IMG_2589

I like where Myka is going with the Watch section as it is very easy to navigate through and has a good feel to it, but wish they had taken it a step further. For instance, when I access “myserver” I get taken to the same dull “windows explorer” type list that most other Sigma players use. This is the area to me where a company can really set their player apart from the rest of the pack. What I would like to see with the Myka, or any other media player, is a built in jukebox which can read/display metadata as well as coverart/fanart for both video and music (ID3 tag for music). There are 3rd party apps that can be used to get this, but in many cases this requires a lot more work and is probably over the head for the average consumer.

IMG_2590

In  the “Get Stuff” section you can set up and manage any BitTorrents as well as handle file transfers between the Myka and any network connected devices.

IMG_2596

The final section labeled “Tools” gives you access to some additional “utilities” such as disk space monitoring. This is also where you would access the settings of the Myka.

IMG_2597 

Network Performance:

After dealing with constant network performance issues with the PCH C-200 over smb, I was very anxious to get a player that played all my content, regardless of what protocol I was using to access it. As expected, the Myka came through without issue. I tested playback of my video content (including Blu Ray/HD movies) over both smb and HTTP (via myiHome) and not once did I experience stuttering or signal dropouts (all testing done via wired Cat5e/Cat6). Transferring files between the Myka and my PC over the network averaged between 4-8 MB/sec, not blazing fast but it did the job. Setting up wireless-n with pretty quick and I was able to play back my SD content but for the most part my HD content was too much to handle. This was not unexpected as generally wireless is not the best option for playing back HD content, and since I rarely use wireless in my house I am sure my wireless setup is not exactly optimal. Ultimately the Myka played all my media streaming from my WHS without a hiccup so I couldn’t ask for more.

Audio Playback:

Whenever I test out a media player I like to test it out with two scenarios, 1) connected directly to a TV and 2) connected to a Receiver. When connected to a TV this gives me the chance to test if HD Audio downmix is supported. This is important to me since if downmix is not supported I would be extremely limited in where I could use the Myka. To test this I used a Blu Ray .ts movie with a DTA-MA audio track, and another with a TrueHD audio track. In both cases the Myka was able to successfully downmix the audio to stereo which my tv could then play.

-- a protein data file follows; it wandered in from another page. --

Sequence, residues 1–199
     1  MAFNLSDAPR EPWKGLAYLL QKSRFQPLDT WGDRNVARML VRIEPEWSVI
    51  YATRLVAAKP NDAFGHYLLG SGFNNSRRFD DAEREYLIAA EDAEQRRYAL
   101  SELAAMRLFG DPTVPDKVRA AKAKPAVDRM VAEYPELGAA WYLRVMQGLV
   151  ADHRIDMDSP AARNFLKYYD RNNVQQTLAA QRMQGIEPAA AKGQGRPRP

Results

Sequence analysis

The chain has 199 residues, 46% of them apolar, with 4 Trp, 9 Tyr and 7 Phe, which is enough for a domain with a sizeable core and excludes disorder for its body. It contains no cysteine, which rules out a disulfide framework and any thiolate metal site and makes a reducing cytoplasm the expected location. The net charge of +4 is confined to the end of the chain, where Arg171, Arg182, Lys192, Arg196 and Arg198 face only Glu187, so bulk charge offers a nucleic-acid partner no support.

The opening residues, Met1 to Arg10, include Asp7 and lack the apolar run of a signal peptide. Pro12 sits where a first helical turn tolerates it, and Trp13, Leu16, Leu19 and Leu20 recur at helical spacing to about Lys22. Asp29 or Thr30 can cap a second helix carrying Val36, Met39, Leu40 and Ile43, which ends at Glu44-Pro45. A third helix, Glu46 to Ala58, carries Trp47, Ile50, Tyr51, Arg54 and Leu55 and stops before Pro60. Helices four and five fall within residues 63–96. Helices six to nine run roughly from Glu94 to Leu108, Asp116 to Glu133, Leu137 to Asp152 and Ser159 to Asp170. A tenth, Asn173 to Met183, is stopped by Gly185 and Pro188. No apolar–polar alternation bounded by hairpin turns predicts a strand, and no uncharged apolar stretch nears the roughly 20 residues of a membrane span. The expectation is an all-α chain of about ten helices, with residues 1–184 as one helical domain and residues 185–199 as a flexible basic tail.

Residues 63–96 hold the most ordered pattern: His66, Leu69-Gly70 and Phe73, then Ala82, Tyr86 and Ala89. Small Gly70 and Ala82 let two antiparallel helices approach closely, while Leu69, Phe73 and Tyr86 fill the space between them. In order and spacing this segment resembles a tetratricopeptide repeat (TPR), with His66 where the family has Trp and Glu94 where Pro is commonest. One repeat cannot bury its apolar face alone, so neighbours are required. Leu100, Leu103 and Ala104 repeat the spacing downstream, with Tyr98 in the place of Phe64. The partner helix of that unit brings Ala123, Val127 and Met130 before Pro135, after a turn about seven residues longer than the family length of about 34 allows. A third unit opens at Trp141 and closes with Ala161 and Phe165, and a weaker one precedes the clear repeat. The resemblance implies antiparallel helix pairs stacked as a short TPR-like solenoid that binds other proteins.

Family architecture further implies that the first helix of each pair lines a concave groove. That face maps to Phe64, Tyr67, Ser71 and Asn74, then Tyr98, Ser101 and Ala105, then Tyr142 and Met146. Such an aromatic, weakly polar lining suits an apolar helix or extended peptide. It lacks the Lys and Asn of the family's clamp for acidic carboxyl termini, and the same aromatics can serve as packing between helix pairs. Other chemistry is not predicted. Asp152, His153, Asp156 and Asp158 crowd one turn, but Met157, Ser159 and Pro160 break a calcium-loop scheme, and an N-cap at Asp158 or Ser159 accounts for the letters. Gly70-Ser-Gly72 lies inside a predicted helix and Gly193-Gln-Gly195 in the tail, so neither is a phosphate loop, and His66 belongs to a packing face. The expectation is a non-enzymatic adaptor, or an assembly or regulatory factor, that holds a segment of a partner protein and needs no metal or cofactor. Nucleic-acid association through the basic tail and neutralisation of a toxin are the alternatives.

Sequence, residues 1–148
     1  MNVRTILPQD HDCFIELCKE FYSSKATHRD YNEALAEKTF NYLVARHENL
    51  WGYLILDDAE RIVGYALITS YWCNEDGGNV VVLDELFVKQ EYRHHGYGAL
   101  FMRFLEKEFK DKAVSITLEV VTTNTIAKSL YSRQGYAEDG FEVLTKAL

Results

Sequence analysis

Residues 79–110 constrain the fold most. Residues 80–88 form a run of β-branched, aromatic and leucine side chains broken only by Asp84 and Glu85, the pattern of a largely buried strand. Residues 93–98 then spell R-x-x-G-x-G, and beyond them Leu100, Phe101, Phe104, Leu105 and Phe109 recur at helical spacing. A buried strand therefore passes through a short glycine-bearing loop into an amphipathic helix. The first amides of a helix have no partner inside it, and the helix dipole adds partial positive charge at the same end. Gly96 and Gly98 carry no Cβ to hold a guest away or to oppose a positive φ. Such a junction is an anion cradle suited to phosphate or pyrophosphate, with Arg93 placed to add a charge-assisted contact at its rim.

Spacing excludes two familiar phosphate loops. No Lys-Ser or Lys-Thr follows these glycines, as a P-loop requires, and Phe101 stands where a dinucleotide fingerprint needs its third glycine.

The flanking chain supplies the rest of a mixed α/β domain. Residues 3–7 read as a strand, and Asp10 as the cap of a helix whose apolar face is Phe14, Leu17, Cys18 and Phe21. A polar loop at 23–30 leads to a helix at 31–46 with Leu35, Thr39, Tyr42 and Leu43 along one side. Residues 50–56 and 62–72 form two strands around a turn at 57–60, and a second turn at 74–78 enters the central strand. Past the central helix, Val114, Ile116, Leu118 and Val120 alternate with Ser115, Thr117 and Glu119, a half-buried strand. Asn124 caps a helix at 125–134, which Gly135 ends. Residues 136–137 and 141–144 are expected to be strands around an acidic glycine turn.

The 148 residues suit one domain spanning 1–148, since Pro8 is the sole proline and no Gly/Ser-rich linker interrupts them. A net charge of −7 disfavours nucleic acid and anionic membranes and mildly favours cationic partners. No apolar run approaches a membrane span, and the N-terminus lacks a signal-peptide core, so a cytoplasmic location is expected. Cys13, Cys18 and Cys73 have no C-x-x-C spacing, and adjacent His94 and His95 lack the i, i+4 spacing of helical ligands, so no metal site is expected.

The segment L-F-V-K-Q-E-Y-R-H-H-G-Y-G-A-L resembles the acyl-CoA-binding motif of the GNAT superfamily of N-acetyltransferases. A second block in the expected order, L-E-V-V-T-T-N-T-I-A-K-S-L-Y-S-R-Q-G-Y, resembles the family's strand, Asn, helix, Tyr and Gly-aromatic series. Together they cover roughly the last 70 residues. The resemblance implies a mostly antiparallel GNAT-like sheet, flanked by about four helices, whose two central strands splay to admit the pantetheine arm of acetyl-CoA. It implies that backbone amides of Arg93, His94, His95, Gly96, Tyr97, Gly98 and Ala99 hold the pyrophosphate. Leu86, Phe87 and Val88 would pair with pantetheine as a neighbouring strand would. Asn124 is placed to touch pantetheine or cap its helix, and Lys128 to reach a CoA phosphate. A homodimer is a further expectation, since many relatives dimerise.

The second scenario would allow me to determine if the Myka is capable of bitstreaming the HD audio tracks to my Receiver to decode. If successful my Receiver would display DTS-MA or TrueHD. Using the same two movies as in the first scenario I confirmed that the Myka does not bitstream but instead only sends through the core audio (DTS for DTS-MA tracks and AC3 for TrueHD tracks).

Although I rarely use, another requested feature I see a lot is support for multi channel FLAC. When I played back a movie with FLAC audio I got no sound, which would indicate that the Myka does not support multi channel FLAC currently.

Video Playback:

This is probably one of the first things people ask when they hear about a new media player being announced, does it play x format in x container at x fps… One thing that the PCH A-110 was known for was the ability to play back almost anything thrown at it, so I expected the same for the Myka. I tested different file types from my collection (ranging from basic xvid avi files to high bitrate Blu Ray mkv/ts to 1080p Apple Trailers) and for the most part they played back without issue. I tested out a straight Blu Ray rip (keeping the Blu Ray structure in tact) but the Myka viewed it as nothing more then a bunch of folders with files inside (as opposed to playing as if it was a Blu Ray disc). Once I started getting to videos averaging a variable bitrate greater then 50+ MB/S I experienced stuttering. The same thing happened when I attempted to play back videos with 16 reference frames. I should state though that the files I had issue with were reference files I found on the web (some people will argue that these files were not properly encoded in the first place so you should not expect proper playback). All my video files (including H.264/VC-1 ts/mkv) played flawless. Also, I should mention that I had no problem with chapter support in my mkvs (other players I have ran into issues with this).